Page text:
Neohydatothrips samayunkur (Kudo, 1995)
Hydatothrips (Neohydatothrips) samayunkur Kudo 1995
The scientific name of the French marigold thrips is Neohydatothrips samayunkur (Kudo, 1995), but there has been confusion due to the use of other ‘scientific names’ all in the subfamily Sericothripinae.
Biostatus and distribution
This adventive species of thrips was first found in New Zealand in an Auckland garden by Nicholas Martin in 2009. The feeding damage to plants of French Marigold, Tagetes patula L. (Compositae), alerted him to the presence of the thrips. The thrips is recorded from Tagetes species in Mexico, El Salvador, California, Florida, Hawaii, Japan, Sri Lanka, Mauritius, Kenya, and eastern Australia. It feeds and breeds on the leaves and in flowers.
Conservation status: A pest of its host plants, Tagetes species, in gardens. The thrips can cause severe damage to plants and sometimes kill them.
Life stages and annual cycle
The French marigold thrips appears on French marigold bedding plants in the summer. It breeds in flowers and on leaves; capable of causing extensive damage to its host. It is not known how long it takes to complete its life cycle. It is also not known how the adult females overwinter.
Adults, like the other active stages of French marigold thrips, are relatively long and thin The bodies of adult thrips are bicoloured dark and mid brown. The wings are dark brown with three white bands. The head has two antennae, two compound eyes and on the underside the mouth cone contains a pair of short maxillary stylets and a single stout mandible. There are three pairs of legs and two pairs of wings that when not used for flying are held over the abdomen. The tip of the abdomen contains the genitalia. The end of the female abdomen also has an ovipositor for inserting eggs into leaves.
Eggs, Larvae and Pupae
Eggs are laid in in leaves and possibly flowers. A thin larva hatches from the egg. It is the shape of a tiny orange wingless adult. Like the adult it has three pairs of legs, a pair of antennae and the same structures for feeding. There are two larval stages and two non-feeding stages, a prepupa and a pupa. The juvenile thrips go to the next stage by moulting. This involves the dorsal skin splitting and the next stage pulling itself out of the old skin. The second larva looks like the first larva. The upper side of the body is covered in short, wide and flattened setae (spine-like hairs) that bear short spines. The first non-feeding stage, the prepupa, differs in appearance from the larva by having short wing buds. The next stage, the pupa, has longer wing buds and the antennae are folded back. The prepupa and pupa also live on leaves and flowers.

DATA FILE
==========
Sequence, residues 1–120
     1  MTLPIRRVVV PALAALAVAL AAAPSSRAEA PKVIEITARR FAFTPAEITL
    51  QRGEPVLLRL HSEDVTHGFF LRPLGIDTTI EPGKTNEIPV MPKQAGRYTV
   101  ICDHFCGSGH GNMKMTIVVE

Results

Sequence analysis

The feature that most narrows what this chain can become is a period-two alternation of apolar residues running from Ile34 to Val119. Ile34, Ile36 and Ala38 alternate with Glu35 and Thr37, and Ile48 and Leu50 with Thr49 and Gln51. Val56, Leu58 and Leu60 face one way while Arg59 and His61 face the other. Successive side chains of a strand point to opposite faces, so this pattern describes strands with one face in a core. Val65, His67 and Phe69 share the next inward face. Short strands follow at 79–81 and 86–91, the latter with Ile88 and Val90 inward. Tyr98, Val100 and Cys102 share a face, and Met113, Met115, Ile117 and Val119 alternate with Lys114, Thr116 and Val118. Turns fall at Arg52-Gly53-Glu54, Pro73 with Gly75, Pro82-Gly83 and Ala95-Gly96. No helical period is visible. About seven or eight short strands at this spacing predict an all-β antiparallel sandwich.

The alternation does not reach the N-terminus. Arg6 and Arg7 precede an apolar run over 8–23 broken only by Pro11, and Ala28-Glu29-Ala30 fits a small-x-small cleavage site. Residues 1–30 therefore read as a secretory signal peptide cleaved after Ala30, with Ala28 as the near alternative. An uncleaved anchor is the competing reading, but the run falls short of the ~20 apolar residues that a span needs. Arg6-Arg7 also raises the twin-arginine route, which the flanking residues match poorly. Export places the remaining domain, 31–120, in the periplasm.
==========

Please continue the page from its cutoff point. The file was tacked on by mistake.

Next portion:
Feeding and plant damage
The thrips feed and breed on leaves and in flowers. Larvae and adults use the stylets in their mouth cone to feed. They puncture plant cells with their single mandible and suck up the plant cell contents with their maxillary stylets. Their feeding kills the surface cells of the leaves creating distinctive pale areas of dead cells. Leaves that have been fed on by the thrips exhibit scarring, silvering and distortion. They are also covered with black faecal droplets.
In New Zealand, the French marigold thrips is the only leaf feeding thrips that lives on French marigold, Tagetes patula L. (Compositae) and other species of Tagetes. The thrips feeds and breeds on the leaves and in flowers. The leaf damage is typical of thrips. There are white areas on the leaves where the thrips have been feeding and black faecal spots. The leaves may also become distorted The adult thrips are dark brown with white areas between segment. The wings are black and white. The nymphs, prepupae and pupae are a dark orange and have many short black setae (spines).
No natural enemies of the French marigold thrips have been found in New Zealand.
The host plants of the French marigold thrips are French marigold, Tagetes patula L. (Compositae) and other species of Tagetes. The thrips feeds and breeds on the leaves and in flowers.
Adult and larvae feed by inserting their stylets plant cells at or near the surface of the leaf. They suck out the cell contents. Their presence can be recognised by the distinctive appearance of their feeding damage on leaves.
The French marigold thrips can cause severe damage to French Marigold bedding plants. If thrips feeding damage is seen on young plants, treatment with an insecticide may be warranted. Consult your local garden centre or horticultural supplier about suitable insecticides.
There is little detailed information about the lifecycle and annual cycle of the French marigold thrips. It would be useful to know how it overwinters in New Zealand and details of the female’s egg laying preferences and the length of time needed by the egg, larval and pupal stages.
Mound LA, Tree DJ, Paris D. 2018. OZ Thrips, Thysanoptera in Australia.
Mound LA, Nielsen M, Hastings A. 2017. Thysanoptera Aotearoa - Thrips of New Zealand. Lucidcentral.org, Identic Pty Ltd, Queensland, Australia.
Plant-SyNZ: Invertebrate herbivore-host plant association database. plant-synz.landcareresearch.co.nz/
The New Zealand Institute for Plant & Food Research Limited (Plant & Food Research) for permission to use photographs.
1 June 2019, NA Martin. Added photos of microscope slides of larvae.